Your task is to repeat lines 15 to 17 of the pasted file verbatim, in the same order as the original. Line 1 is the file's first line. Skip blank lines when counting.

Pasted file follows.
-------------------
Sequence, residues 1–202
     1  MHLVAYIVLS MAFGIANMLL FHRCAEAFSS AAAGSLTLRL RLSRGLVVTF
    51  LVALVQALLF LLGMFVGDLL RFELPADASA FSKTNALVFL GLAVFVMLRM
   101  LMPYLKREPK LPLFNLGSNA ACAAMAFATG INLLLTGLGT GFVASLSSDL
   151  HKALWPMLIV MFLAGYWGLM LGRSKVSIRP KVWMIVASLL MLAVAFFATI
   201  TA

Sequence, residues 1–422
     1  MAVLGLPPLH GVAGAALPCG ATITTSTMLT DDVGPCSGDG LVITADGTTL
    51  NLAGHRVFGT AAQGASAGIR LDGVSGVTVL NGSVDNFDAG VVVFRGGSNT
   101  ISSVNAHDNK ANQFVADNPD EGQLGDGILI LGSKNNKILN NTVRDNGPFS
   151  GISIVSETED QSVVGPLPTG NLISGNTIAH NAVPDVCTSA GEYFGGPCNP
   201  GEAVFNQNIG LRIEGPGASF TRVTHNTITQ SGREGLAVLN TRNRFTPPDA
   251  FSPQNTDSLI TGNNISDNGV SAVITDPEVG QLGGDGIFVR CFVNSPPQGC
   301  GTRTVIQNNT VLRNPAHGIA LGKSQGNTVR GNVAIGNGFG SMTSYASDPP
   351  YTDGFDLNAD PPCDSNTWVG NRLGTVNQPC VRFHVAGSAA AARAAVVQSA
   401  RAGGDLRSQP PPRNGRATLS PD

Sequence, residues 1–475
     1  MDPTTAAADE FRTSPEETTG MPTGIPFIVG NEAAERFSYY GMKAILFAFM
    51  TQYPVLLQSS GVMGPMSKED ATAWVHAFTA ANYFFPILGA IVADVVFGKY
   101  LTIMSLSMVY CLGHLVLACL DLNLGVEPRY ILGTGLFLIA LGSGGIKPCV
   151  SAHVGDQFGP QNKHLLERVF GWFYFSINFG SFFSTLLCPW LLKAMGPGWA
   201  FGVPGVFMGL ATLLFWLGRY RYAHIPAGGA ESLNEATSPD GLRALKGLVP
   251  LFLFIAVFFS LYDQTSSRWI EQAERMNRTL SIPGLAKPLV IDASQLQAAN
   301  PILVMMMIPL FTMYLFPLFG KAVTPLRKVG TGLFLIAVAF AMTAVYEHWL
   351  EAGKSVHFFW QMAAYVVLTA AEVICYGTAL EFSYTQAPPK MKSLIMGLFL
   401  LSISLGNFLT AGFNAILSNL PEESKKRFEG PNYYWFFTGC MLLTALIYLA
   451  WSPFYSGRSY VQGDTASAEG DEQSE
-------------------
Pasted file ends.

   351  YTDGFDLNAD PPCDSNTWVG NRLGTVNQPC VRFHVAGSAA AARAAVVQSA
   401  RAGGDLRSQP PPRNGRATLS PD

Sequence, residues 1–475